“It’s such a big deal to me to see people improve their game. When they do well, it’s great because they are getting it and that makes it fun and exciting. I coach all levels of bowlers from new beginners to the professionals. Everyone has different abilities, so it’s about helping them to reach their best potential.”


Former Team USA National Team Assistant Coach

Former Team USA Junior National Team Head Coach

Inaugural USA Bowling Gold Coach class in 1999

Former Head Instructor at Kegal Training Center

7 thoughts on “Controlling Your Emotions While Bowling By Richard Shockley

  1. Nick Washington jr. says:

    I’m so glad I just ran across this , because I’m an emotional bowler because I love the game so much but, I tend to let people or bad breaks and shot get the best of me. I’ve really been trying to focus on having fun and tell my self that ok just keep shooting. This message I just read gave me good inspiration because I needed a good recipe for my imperfections. Thanks I bowl tonight and trust me I’ll be taking it one frame at a time and putting the past behind me!

  2. Bob says:

    The one thing to try remember is you can’t play defense. If your opponent gets the breaks that you don’t you have to tip your hat and walk away. Being angry will only make it worse. You also have to keep the frame of mind that your last shot was history and you can’t do anything about it except learn from it. Staying calm and laughing off a bad break, even thought it may be difficult, is the best thing to do. Remember, that vast majority of us that bowl have regular jobs, that is a good way to keep it in perspective and keep your cool.

  3. Jerry Streich says:

    I sort of agree with the coach. I NEVER get upset on the outside when bowling. I don’t let my emotions show. That’s why they call me “Smiley” (I don’t smile on a good hit or a bad hit). I keep the other bowlers guessing on what I am thinking on the inside. I don’t get upset when I throw a bad ball or get a bad break, because your life and your bowling scores are all planned out for you already. If you throw a bad ball, it’s in the cards. If you get a bad break, it’s in the cards. So just take one frame at a time. Enjoy life and have a beer. Oh yeah, I don’t drink. Bartender give me a Pepsi.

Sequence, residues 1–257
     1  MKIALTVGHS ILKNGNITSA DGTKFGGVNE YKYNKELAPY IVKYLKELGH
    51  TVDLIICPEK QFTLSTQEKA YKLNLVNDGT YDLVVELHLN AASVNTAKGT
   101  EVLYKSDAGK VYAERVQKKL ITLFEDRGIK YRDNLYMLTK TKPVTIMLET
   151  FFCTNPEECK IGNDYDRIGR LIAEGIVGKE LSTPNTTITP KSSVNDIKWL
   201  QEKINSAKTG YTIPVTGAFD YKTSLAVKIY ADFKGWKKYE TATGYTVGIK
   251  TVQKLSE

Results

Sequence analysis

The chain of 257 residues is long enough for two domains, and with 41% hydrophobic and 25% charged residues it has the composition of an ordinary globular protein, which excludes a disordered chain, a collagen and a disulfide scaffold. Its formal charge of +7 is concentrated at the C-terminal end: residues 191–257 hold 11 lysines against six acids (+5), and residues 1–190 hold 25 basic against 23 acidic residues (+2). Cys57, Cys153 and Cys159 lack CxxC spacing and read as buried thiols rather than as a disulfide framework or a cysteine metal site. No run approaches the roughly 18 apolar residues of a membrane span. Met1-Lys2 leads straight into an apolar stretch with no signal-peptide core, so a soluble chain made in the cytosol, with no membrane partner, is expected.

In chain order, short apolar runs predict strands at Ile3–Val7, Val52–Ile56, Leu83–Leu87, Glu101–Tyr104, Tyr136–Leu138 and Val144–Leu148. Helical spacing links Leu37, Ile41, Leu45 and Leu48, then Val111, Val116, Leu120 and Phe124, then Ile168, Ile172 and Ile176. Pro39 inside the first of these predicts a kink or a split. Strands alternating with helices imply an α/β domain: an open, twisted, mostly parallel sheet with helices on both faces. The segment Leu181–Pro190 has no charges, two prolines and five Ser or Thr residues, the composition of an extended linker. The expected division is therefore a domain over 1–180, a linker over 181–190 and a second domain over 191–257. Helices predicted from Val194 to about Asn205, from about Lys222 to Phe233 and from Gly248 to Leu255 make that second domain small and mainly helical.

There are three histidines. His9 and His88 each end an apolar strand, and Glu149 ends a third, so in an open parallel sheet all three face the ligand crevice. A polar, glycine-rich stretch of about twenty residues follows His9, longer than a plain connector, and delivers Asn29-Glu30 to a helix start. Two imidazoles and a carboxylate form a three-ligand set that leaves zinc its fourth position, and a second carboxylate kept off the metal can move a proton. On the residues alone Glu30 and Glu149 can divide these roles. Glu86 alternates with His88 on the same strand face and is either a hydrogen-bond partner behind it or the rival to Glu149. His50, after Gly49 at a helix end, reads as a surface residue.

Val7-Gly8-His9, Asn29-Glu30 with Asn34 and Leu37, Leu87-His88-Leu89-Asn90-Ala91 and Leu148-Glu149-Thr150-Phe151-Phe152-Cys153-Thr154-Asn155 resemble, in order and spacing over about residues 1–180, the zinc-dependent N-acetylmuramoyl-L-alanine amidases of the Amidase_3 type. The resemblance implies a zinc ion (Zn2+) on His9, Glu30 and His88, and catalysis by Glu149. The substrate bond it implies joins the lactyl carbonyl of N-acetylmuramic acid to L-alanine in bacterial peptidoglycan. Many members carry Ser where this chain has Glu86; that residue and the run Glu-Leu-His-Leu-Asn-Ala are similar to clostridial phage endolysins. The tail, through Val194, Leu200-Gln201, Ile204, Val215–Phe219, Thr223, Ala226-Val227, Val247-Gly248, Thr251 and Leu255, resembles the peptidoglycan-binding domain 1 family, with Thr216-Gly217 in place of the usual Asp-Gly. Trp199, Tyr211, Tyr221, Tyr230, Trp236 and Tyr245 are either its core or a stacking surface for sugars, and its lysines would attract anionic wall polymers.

4. Leigh Trostel says:

    Richard has some great advice here. The issue in my life more than not is not my temper while bowling but those of teammates that go off the deep end. I wish someone would write an article on ways to talk teammates off the ledge AND give some pointers on how to close out that kind of negative energy from a teammate

  5. Jackie says:

    Hey Richard Shockley is very helpful. I came to kegel from Bermuda and spent a couple days at Kegel. One day was all about the Mental game. The next day was to get a few links out of my game. Was 2 days I enjoyed and still have the video to look back on.

    Thanks Richard Shockley

  6. Keith D. Ball says:

    Emotions sometimes get the better of even the best bowlers (i.e. Marshall Holman-foul light, Pete Weber-‘Who do you think you are, I am) and they would probably be even better if they weren’t.

    • Kyle Gersich says:

      Hey Richard I went to the first summer camp at kegel and it was a one day training with you is that something you would still honor please let me know